Retinas, Mountain Lions, and iOS 6

By Jason Griffey |

Once a year, Apple holds its World Wide Developers Conference in San Francisco, the highlight of which for non-developers is the Monday keynote. In prior years, the keynote was the Steve Jobs show, where Steve got to be his most Steve-ish, taking digs at competitors and talking about how awesome things are and will be for Apple over the coming year. This year there is no Jobs, but there was an absolutely deluge of news from the keynote, hosted by CEO Tim Cook and starring the main players in Apple’s current corporate structure.

Practically every news outlet in the world will have a summary of the news coming out of WWDC, so I’m going to focus on the things that I think are important to libraries. Apple had three main announcements: updates to their laptop line, which is their most popular type of computer sold; and what to expect in the two new operating systems launching this year, OS X Mountain Lion and iOS 6.

The most straightforward of the announcements, but also the most exciting for Apple geeks, was probably the hardware. People love Apple hardware, and this time around we got not only the updates we always expect (faster processors, better graphics cards, more memory) but the introduction of a completely new laptop from Apple, the Macbook Pro with Retina Display. This is a new top-of-the-line laptop from Apple whose crowning feature is a 2880 x 1800 resolution 15.4 inch screen...a ridiculous screen density of 220 pixels per inch. That’s more than double the average screen density for computers, and within the level that Apple considers a “Retina” display, its term for a display whose density exceeds the ability of the human eye to see individual pixels.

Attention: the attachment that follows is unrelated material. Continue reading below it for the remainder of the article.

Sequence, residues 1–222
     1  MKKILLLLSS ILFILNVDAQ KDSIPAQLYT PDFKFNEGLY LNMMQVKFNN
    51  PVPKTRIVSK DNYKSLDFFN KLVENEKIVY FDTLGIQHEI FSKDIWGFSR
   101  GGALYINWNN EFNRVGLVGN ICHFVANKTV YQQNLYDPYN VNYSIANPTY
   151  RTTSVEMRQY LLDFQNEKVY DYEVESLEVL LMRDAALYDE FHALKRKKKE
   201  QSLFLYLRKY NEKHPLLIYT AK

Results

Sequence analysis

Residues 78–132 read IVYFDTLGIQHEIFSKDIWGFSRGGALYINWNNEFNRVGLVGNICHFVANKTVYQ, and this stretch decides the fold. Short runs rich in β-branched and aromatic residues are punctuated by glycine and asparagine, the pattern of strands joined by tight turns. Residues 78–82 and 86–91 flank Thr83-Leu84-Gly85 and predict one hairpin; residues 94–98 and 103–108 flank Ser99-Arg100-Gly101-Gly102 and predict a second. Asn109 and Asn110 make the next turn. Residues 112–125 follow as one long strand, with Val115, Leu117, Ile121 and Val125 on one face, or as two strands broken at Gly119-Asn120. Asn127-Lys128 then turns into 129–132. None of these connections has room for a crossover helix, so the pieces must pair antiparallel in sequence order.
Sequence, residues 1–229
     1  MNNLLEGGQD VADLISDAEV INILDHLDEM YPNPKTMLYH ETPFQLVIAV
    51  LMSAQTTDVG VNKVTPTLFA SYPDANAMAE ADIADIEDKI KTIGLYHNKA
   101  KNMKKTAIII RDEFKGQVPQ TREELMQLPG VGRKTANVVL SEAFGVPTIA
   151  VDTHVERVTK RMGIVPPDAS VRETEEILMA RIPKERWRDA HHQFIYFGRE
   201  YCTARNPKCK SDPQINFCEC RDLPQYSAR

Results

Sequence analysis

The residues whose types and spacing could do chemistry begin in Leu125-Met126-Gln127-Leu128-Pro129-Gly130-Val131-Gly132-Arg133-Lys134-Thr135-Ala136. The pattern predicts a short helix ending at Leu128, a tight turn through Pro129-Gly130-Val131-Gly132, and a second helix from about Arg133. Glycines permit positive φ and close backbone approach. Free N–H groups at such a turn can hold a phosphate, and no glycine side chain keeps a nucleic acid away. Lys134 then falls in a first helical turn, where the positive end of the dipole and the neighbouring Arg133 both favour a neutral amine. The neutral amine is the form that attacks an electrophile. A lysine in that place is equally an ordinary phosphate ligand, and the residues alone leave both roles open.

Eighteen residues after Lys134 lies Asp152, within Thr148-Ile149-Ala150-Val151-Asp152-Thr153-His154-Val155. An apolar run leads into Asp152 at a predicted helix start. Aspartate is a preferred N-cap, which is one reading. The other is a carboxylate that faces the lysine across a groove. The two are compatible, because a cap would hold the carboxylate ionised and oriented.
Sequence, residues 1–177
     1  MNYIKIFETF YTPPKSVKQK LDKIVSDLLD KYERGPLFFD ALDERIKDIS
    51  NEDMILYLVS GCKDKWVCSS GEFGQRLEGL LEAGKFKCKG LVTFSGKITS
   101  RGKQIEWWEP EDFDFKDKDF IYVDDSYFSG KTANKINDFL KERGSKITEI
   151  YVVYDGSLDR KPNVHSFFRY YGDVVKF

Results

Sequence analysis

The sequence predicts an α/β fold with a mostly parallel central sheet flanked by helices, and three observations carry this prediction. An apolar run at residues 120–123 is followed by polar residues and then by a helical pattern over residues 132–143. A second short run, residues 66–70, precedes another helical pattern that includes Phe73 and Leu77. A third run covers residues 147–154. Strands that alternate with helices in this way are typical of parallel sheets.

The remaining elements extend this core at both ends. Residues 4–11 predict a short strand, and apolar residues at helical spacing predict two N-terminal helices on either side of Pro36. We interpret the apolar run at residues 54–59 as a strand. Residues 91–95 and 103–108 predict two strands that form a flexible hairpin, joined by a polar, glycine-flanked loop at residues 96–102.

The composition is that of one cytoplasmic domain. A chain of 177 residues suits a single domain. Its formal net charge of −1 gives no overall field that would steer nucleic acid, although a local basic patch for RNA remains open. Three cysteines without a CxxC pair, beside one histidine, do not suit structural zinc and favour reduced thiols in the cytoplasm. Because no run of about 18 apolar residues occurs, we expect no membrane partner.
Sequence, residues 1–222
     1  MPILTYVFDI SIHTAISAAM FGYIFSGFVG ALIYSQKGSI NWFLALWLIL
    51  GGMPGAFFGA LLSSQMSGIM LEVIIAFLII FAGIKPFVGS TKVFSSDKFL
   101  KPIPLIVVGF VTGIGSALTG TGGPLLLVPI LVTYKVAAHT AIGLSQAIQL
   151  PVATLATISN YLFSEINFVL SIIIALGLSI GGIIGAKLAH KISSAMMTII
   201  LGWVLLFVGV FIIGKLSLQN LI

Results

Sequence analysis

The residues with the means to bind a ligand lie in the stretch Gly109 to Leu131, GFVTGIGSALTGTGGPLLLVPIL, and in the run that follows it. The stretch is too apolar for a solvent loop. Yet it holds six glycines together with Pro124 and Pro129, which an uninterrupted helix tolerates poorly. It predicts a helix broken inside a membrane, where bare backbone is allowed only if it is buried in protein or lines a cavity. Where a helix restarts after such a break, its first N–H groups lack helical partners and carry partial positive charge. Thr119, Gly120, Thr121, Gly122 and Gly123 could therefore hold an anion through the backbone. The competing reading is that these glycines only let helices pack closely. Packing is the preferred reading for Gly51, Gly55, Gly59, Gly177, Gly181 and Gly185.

The newest big cat from Apple, OS X Mountain Lion, is coming with a ton of new toys. This release continues the drive towards further integration with iOS, including Messages on the Mac (completely cross-compatible with the iOS Messages...send, recieve, etc). Also new is Notification Center, a copy of the same from iOS, a collection of the things that need your attention on your computer. There’s Facebook integration, a new universal Sharing button, and a brand new version of Safari. But the two most important features for libraries are Airplay and Dictation.

Dictation is exactly what the name suggests, the ability to speak text to your computer, anywhere in the system where there is a text input. Want to dictate a letter? No need for additional software, Dictation will take care of that for you. Expect to see people talking to their computers a bit more, and expect to have to deal with the effects of this if you offer Macs to the public.

Airplay is the secret weapon of Mountain Lion. Built-in at the OS level, Airplay will let you fully mirror your screen to an AppleTV device. It seems simple enough, but with AppleTV’s costing $99, you suddenly have the ability to connect one to the projector in your classroom and be totally wireless, but still in control of your presentation. Students with laptops or iOS devices could share their screen with the class. The freedom this lends to classroom setups is huge, and I think a lot of interesting uses will draw from this capability.